It is a primary object of this invention to provide an improved scrubbing process and apparatus for removing fine particles from the exhaust gas from a cyclone collector in a highly efficient manner. Thus, a related object of the invention is to provide such an improved scrubbing process and apparatus which utilize the energy already available in the exhaust vortex of a cyclone collector to assist in the removal of fine particles from the exhaust gas.

Another object of the invention is to provide an improved scrubbing process and apparatus of the foregoing type which are economical from the standpoint of equipment requirements, and which permit the scrubber to be fabricated as an integral part of the exit end of the cyclone collector.

A further object of the invention is to provide such an improved scrubbing process and apparatus which are extremely effective in removing fine particles from the collector exhaust gas, and which produce a relatively low pressure drop in the process stream.

Other objects and advantages of the invention will be apparent from the following detailed description and the accompanying drawings, in which:

FIG. 1 is a side elevation of a cyclone collector equipped with a scrubber embodying the invention, with the pattern of fluid flow through the collector illustrated schematically in broken lines;

FIG. 2 is an enlarged vertical section taken through the middle of the upper portion of the cyclone collector and the scrubber of FIG. 1;

FIG. 3 is an enlarged section taken along line 3--3 in FIG. 2;

and FIG. 4 is a section taken along line 4--4 in FIG. 2.

While the invention will be described in connection with a preferred embodiment, it will be understood that it is not intended to limit the invention to that particular embodiment. On the contrary, it is intended to cover all alternatives, modifications and equivalents as may be included within the spirit and scope of the invention.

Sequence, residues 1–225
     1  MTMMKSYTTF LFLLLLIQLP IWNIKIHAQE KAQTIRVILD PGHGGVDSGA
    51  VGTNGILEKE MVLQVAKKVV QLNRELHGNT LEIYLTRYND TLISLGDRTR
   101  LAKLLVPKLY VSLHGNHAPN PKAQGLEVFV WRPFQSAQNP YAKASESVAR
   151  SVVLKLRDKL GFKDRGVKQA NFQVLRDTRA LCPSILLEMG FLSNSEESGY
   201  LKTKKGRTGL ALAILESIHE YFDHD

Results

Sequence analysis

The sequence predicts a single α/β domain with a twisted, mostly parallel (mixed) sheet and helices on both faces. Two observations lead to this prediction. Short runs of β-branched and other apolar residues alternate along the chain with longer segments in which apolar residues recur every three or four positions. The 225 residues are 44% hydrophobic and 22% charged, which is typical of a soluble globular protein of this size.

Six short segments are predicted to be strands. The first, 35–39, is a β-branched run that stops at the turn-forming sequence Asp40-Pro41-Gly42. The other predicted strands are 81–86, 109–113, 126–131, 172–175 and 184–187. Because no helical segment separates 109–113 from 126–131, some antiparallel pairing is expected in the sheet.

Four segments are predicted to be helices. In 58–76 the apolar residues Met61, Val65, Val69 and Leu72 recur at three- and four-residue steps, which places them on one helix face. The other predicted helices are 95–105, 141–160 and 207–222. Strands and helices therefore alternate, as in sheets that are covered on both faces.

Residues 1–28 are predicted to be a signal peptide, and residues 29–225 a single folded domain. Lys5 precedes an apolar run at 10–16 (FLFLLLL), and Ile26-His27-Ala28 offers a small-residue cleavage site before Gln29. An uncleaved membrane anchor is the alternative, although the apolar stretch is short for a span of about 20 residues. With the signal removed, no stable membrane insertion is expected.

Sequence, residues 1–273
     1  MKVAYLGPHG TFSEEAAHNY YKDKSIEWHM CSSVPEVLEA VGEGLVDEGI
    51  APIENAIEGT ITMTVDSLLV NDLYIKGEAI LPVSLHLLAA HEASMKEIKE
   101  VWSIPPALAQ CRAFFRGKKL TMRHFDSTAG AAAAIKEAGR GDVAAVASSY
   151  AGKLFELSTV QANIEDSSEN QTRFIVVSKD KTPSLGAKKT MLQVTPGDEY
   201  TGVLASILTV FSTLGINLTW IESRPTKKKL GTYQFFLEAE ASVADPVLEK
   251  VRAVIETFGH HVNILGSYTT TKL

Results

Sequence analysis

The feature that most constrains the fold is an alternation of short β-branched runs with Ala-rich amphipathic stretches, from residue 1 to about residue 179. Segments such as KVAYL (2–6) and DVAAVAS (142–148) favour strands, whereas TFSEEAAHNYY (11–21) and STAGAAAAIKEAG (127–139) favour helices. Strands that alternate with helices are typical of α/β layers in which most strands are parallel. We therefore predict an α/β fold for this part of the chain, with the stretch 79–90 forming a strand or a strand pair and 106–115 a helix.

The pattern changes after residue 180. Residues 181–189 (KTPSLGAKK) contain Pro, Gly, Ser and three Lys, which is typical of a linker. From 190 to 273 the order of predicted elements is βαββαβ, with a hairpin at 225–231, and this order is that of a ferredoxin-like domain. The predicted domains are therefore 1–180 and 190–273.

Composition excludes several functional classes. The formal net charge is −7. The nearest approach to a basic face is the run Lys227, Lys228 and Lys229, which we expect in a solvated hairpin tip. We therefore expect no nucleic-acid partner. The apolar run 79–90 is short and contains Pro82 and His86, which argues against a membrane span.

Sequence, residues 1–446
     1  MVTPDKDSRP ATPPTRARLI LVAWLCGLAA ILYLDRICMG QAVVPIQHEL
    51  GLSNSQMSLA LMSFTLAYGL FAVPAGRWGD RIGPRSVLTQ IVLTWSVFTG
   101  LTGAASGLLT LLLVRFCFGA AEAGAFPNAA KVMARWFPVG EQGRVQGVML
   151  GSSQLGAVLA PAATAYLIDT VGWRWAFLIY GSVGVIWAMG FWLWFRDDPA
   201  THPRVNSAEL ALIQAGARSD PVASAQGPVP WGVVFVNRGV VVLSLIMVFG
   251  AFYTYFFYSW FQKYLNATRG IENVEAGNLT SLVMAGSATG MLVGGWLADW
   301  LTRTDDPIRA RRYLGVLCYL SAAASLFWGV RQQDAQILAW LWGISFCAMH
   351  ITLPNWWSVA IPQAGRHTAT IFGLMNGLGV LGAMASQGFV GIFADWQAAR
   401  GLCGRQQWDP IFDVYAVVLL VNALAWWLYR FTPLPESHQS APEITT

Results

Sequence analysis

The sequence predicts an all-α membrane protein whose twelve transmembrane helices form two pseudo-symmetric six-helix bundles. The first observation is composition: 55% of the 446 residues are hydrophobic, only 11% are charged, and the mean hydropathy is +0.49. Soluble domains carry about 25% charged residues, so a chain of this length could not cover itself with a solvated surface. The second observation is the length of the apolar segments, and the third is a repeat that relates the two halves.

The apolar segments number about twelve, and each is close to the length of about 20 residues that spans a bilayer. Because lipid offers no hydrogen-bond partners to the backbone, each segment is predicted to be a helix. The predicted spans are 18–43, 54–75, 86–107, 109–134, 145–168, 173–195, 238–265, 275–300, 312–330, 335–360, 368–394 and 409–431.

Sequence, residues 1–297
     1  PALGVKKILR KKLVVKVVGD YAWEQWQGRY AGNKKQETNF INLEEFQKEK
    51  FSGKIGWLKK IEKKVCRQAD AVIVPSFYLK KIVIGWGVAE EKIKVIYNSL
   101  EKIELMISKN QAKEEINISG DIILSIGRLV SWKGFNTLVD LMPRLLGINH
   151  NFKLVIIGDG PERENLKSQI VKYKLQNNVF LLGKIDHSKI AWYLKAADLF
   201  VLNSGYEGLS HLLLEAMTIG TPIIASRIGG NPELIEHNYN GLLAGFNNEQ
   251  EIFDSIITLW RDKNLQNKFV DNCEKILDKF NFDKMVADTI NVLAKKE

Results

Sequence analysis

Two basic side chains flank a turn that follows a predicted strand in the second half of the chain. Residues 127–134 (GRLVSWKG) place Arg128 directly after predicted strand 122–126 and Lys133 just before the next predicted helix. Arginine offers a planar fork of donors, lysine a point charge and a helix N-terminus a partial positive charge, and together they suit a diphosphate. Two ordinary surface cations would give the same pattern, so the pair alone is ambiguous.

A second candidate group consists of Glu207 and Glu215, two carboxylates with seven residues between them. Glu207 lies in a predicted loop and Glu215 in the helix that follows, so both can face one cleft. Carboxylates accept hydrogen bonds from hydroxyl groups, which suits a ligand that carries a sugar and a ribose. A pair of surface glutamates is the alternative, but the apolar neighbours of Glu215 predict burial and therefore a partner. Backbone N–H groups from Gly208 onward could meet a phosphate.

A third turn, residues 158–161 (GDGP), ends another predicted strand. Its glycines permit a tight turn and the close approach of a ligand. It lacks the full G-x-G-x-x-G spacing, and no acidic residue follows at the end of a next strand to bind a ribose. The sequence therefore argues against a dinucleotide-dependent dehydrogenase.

Turning now to the drawings and referring first to FIG. 1, there is shown a particle collection system 10 comprising a cyclone collector 12 having an inlet duct 14 for tangentially introducing particle-laden gas into the collector, a particle outlet 16 and a vortex finder 18 through which the exhaust gas from the collector flows. The pattern of gas flow through the cyclone collector 12 is schematically illustrated in FIG. 1 and is shown to comprise two counter current flows -- an outer spiral flow downwardly through the collector and an inner rapidly swirling vortex flow upwardly through the collector.

Still referring to FIG. 1, particle separation from the gas stream is effected when the particles strike the walls of the cyclone collector 12, and such particles are then removed through the outlet 16. However, while the efficiency of particle separation can be quite high in cyclone collectors, there frequently are substantial quantities of very fine particles whose mass is not great enough to result in their being hurled against the cyclone wall before they are caught up in the inner swirling vortex flow upwardly through the collector. These fine particles, which during upward flow in the vortex achieve a high tangential velocity, are then exhausted from the collector 12 through the vortex finder 18.